Jack Treagus tours the beguiling isle with the Reverend Professor Henslow’s Map and Memoir of 1822
John Stephens Henslow (1796 - 1861) is today a totally overlooked figure in the development of geological mapping in Britain. In the early 19th Century he was a Fellow of St. John’s College Cambridge, where he produced his map of Anglesey (1822), one of the first detailed geological maps ever published of any part of the UK. The British Geological Survey was not founded until 1832 and its first similarly detailed maps not published until 1835.
The results of his mapping of Anglesey were published in the first volume of the Transactions of the Cambridge Philosophical Society (1822), which he had helped found. Greenly (in 1919 – see also Greenly and the Geological Map of Anglesey, Geoscientist 20.04 April 2010
) said of Henslow’s work that: “the lines have already assumed the same general aspect that they have today” and “he recognised most of the leading lithological types of the Complex”. The accompanying Memoir consists of 447 text pages, accompanied by six pages of plates, some coloured, and a coloured geological map.
In the early 19th Century Henslow studied chemistry as well as mineralogy, and had accompanied Sedgwick in 1819 on a tour in the Isle of Wight, where he learned his first lessons in geology. He subsequently made contributions to an early geological map of the Isle of Man.
Picture: John Stevens Henslow 1796 - 1861, in about 1850
It still seems extraordinary, as indeed it did to Henslow, that there was at that time no topographic map showing an accurate configuration of either the coastline or the land surface of Anglesey. This must have been a major drawback for his mapping, since neither was there any accurate depiction of the few roads or tracks that existed. It is difficult to appreciate the hard work- especially the ‘field hours’ - that must have gone into this map’s production, considering the lack of any base-map at a scale suitable for geological mapping.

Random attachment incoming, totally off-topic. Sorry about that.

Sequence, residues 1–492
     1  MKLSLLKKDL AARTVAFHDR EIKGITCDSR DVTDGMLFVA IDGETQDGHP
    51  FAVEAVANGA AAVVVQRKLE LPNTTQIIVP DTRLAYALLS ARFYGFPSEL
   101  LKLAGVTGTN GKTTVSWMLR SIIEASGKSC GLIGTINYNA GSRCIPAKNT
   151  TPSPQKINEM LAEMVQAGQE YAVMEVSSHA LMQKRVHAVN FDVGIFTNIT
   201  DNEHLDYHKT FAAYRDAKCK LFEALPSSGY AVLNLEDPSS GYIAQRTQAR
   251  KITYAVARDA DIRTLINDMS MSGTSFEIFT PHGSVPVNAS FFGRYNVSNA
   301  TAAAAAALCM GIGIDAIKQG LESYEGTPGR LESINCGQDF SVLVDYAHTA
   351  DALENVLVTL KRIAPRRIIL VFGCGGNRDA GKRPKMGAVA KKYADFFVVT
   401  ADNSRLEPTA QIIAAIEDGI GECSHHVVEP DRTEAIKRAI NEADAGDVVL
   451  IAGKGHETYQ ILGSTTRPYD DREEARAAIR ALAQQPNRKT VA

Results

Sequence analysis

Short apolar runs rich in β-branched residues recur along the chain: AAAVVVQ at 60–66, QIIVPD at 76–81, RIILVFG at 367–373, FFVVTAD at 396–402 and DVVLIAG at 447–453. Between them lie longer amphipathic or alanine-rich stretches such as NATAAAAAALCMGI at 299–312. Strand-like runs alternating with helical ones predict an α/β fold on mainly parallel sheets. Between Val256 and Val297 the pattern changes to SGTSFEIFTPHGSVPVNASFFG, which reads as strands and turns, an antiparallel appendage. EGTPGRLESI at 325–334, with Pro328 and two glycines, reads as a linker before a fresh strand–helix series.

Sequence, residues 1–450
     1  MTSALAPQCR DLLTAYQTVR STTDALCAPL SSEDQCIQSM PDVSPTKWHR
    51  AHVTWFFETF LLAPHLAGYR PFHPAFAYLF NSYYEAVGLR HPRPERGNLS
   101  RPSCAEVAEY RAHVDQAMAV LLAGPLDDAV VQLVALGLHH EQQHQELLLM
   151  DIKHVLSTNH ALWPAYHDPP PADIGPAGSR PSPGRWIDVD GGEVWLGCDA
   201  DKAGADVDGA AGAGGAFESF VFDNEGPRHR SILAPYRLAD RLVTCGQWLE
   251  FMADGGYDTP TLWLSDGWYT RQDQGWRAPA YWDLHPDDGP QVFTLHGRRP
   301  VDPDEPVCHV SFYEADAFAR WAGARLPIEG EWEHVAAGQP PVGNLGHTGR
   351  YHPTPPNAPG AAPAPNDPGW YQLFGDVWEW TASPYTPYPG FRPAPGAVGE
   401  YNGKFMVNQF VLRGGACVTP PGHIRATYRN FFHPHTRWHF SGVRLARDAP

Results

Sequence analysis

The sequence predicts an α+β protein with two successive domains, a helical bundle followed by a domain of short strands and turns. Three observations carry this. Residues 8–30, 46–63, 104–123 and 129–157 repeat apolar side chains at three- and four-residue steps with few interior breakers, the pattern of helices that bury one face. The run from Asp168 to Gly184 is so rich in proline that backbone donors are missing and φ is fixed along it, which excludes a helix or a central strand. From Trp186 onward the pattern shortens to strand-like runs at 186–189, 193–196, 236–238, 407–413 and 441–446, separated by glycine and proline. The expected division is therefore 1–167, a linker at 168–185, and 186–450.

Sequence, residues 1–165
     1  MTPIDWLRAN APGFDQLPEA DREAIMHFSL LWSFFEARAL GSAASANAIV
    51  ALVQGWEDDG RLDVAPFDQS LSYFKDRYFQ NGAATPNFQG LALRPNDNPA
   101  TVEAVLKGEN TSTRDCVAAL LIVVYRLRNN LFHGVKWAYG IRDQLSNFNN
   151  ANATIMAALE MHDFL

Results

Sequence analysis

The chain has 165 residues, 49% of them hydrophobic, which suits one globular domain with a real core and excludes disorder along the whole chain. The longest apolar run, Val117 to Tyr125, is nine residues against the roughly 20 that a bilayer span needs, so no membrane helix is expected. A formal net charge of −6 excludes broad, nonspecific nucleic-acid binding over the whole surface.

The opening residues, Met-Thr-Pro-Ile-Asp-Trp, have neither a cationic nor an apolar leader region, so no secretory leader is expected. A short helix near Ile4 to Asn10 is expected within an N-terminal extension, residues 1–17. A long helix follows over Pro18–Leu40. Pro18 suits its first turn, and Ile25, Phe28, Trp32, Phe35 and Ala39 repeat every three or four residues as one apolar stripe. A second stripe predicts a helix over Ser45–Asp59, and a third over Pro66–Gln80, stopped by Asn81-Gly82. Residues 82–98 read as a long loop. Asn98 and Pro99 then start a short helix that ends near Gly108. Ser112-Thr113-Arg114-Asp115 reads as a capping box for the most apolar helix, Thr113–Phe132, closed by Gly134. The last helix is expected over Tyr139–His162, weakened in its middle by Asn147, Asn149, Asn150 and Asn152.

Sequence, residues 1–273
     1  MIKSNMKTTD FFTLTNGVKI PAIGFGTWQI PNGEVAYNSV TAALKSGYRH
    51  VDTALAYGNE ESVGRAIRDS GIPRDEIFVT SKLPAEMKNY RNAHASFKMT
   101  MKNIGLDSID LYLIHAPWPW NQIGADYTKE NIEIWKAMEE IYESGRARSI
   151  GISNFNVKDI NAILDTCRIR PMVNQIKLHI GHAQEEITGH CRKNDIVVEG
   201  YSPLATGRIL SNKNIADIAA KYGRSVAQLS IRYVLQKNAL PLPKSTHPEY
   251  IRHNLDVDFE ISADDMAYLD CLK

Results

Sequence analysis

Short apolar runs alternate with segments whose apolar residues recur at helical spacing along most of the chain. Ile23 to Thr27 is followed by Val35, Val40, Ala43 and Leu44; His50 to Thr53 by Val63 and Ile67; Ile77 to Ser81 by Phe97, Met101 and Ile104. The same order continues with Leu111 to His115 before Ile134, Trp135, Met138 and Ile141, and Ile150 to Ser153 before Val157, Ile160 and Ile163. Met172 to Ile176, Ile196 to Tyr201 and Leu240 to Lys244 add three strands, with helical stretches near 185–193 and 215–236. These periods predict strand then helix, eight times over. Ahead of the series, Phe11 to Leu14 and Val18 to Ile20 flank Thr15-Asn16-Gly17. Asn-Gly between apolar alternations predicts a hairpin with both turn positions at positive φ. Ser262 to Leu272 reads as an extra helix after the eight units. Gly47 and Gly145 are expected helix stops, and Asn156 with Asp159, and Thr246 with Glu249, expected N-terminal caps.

Henslow acknowledges two available topographic maps of north Wales: one by Evans (1797), the other by Furnival, published in 1814. But there was no reliable map of the coastline, where the essential geological outcrop occurs. Evans’s map, he says, was useful in giving the relative position of towns, but “does not pretend to trace the indentations of the coast”. Transport must have been principally by horse but then by foot - especially around the rugged coastline.
Maps (left and right): Henslow’s map of Anglesey. Colours: brown = quartz rock; green = chlorite schist; yellow = greywacke; red dotted on yellow = serpentinite; orange = Old Red Sandstone; red = granite, greenstone dotted; blue = limestone; grey = Coal Measures; pink = New Red Sandstone; brown dotted = conglomerates
Henslow’s map (left and right), published scale approximately one half inch to the mile, distinguishes eight sedimentary and metamorphic formations: Quartz Rock; Chlorite Schist; Greywacke; Old Red Sandstone; Mountain Limestone; Coal Measures; New Red Sandstone; Conglomerates. It also shows three intrusive igneous types – serpentine, granite and greenstone as well as major dykes. His geological mapping of Anglesey was extraordinary both in its detail and accuracy, using continuous lines for observed geological boundaries and dotted where they were obscured. Naturally, the boundaries of these rock types differs considerably in detail from those on the modern map, although the broad outlines are in good agreement. For a map produced over two years under difficult conditions the result is impressive.
Map (right): A geological map of Anglesey (Treagus 2008)
The text of his quarto-size, 452-page Memoir gives detailed accounts of the nature of the various lithologies, which I have attempted to summarise below. I have noted in brackets the modern formation and other names equivalent to some of the terms used by Henslow.